Charles H. Kahn (1928-2023)
Charles H. Kahn, professor emeritus of philosophy at the University of Pennsylvania, has died.
The memorial notice, below, was provided by Michael Weisberg, chair of the Department of Philosophy at Penn.
Charles H. Kahn (1928-2023)
Charles H. Kahn, one of the most important historians of philosophy in the last century, has passed away at the age of 94. Kahn’s books and articles on ancient Greek philosophy, particularly on the Presocratics and Plato, are landmarks in philosophical and classical scholarship.
Born in Louisiana, United States of America, in 1928, Kahn enrolled in the University of Chicago at the age of sixteen, where he completed his Bachelor’s and Master’s degrees. After further study at the Sorbonne, he completed his doctorate in classical studies at Columbia University, then served as Assistant and Associate Professor of Classics at Columbia from 1958 to 1965. He was appointed Professor of Philosophy at the University of Pennsylvania in 1965, where he remained until his retirement in 2012. In addition to serving as chairman of that Philosophy Department, he held visiting appointments at other major universities, including Harvard, Cambridge, and Oxford.
As a leading scholar in his field, Charles Kahn served as editor or on the editorial board of several philosophical journals, as President of the Society for Ancient Greek Philosophy (1976-8), as Vice President of the American Philosophical Society (1997), and was elected a Fellow of the American Academy of Arts and Sciences (2000). His many honors include major research grants from the American Council of Learned Societies (1963/4 and 1984/5), the National Endowment for the Humanities (1974/75 and 1990/91), and the Guggenheim Foundation (1979/80).
While he wrote widely in ancient Greek philosophy, his focus was especially on Presocratics in the early decades of his career and on Plato in later decades. His doctoral dissertation, which was published as a book, Anaximander and the Origins of Greek Cosmology (Columbia University Press 1960), was a groundbreaking contribution to the study of pre-Socratic philosophy and is still unsurpassed today. His other books on the Presocratics include The Art and Thought of Heraclitus: An edition of the fragments with translation and commentary (Cambridge University Press 1979), still widely admired among literary and philosophical scholars, and Pythagoras and the Pythagoreans. A Brief History (Hackett, 2001), which was aimed at a wider audience.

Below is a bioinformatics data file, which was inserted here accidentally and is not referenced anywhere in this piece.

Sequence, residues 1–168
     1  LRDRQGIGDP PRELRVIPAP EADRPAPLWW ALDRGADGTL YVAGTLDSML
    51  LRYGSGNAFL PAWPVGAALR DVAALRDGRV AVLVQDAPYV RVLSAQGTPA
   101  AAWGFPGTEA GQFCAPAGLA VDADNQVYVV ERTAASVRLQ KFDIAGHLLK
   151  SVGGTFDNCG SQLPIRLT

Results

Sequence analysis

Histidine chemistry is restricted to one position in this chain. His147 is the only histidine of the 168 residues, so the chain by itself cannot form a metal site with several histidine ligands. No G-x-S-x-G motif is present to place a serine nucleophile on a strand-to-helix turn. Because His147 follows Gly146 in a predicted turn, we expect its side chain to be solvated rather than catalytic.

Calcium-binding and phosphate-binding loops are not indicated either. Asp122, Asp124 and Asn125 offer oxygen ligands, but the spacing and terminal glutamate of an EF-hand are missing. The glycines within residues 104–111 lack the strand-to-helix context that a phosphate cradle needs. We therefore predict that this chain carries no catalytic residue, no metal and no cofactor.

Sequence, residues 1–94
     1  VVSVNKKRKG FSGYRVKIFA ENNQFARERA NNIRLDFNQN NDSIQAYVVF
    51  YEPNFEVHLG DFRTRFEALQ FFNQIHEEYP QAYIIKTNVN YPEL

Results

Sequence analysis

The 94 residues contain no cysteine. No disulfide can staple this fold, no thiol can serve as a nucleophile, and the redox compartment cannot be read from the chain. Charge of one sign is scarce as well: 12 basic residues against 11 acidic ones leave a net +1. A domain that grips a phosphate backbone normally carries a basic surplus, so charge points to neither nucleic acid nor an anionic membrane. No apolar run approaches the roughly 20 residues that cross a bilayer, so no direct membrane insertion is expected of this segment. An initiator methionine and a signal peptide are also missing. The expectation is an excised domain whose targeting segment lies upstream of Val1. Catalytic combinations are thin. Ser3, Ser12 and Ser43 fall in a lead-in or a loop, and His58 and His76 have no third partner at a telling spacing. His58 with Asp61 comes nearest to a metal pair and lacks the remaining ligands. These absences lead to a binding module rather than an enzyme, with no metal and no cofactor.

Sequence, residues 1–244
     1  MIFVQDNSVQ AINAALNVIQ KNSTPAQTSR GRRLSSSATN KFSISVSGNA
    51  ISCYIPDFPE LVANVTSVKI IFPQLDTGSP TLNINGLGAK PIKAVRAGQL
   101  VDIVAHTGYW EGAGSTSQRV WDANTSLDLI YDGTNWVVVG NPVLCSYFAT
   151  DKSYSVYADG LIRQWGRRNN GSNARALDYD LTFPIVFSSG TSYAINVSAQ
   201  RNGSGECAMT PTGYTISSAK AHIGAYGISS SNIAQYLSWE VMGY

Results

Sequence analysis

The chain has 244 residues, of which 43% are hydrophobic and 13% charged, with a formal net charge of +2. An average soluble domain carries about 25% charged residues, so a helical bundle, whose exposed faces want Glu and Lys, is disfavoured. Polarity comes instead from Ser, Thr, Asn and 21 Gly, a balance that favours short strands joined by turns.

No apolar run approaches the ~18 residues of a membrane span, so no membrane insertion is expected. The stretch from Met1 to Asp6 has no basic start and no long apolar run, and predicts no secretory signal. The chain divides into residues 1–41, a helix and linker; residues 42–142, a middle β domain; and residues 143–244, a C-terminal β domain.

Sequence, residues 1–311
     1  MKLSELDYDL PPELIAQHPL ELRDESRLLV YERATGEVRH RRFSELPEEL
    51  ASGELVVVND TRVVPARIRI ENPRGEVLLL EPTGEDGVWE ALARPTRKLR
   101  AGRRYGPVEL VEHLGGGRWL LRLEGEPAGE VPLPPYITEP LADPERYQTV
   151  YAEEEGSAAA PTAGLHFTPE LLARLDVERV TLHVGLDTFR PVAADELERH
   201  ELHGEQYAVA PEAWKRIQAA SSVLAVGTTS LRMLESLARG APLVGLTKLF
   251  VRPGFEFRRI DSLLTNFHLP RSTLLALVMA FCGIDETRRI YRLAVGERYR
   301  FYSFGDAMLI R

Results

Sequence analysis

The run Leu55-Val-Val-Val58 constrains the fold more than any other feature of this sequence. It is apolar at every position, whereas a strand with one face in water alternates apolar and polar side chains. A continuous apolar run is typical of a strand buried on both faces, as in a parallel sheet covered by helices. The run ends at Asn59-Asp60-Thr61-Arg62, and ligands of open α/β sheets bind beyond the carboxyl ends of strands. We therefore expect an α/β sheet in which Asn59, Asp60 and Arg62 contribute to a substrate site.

In 1973 Kahn published the monumental work, The Verb “Be” in Ancient Greek (Reidel, Dordrecht), in which he systematically studied all the uses of the verb “to be” in ancient Greek literature from Homer onwards, discovering uses and subtle nuances that had escaped the attention of scholars. The book continues to have a significant impact on our understanding of ancient Greek language and philosophy. It provoked numerous debates and responses over the years. In 2009, Oxford University Press published a collection of Kahn’s articles in reply to those responses, in a volume entitled Essays on Being.
Kahn’s enormous contribution to the study of Plato’s philosophy lies particularly in two important books. Plato and the Socratic Dialogue (Cambridge University Press 1996) and Plato and the Post-Socratic Dialogue: Return to the Philosophy of Nature (Cambridge University Press 2013). The first in particular was very widely discussed and provided both a trenchant critique, as well as compelling alternative, to a dominant paradigm in Platonic interpretation. Its enormous impact on Platonic studies made Charles Kahn one of the most important contemporary Platonists, along with the late Gregory Vlastos.
Charles is survived by his wife, sister, four daughters, son, and ten grandchildren.
Thank you Dr Kahn for your giftsReport
Thank you for trying to improve us all.Report
I chose to do my graduate study at Penn because of Charles Kahn. Knowing my great interest in the Socrates of the early Platonic dialogues, he suggested I explore Epictetus for my dissertation. He was such an excellent mentor to me and deeply shaped my career. I remember him very fondly.Report
Charles Kahn taught me how to read Plato. I was a somewhat aimless philosophy grad student at the time. I was trying to finish my dissertation – but I wasn’t interested in an academic career (and made the mistake of telling my profs that). Charles was happily indifferent to my professional goals, and inclined to encourage my interest in studying carpentry after finishing the degree. But he loved reading Plato, even more than I did. And he took it seriously – in the way that passionate love takes its object seriously. He inspired the same devotion and focus in me.
That priceless gift, which he gave so freely – it’s still part of who I am. I still read Plato regularly; I think of Charles Kahn every time I do. I remember his effortless, delighted way with the Greek text – which now seems of another era, only to be aspired to, never matched. And I remember the uncanny sense I had of his communing with that ancient mind, long dead to us but not to Charles.
“But in heaven perhaps, a pattern is laid up for the man who wants to see and found a city within himself, based on the one he sees.” Republic 592a10-b5. Truly, Charles lived in the view of that pattern, and built that city within himself.Report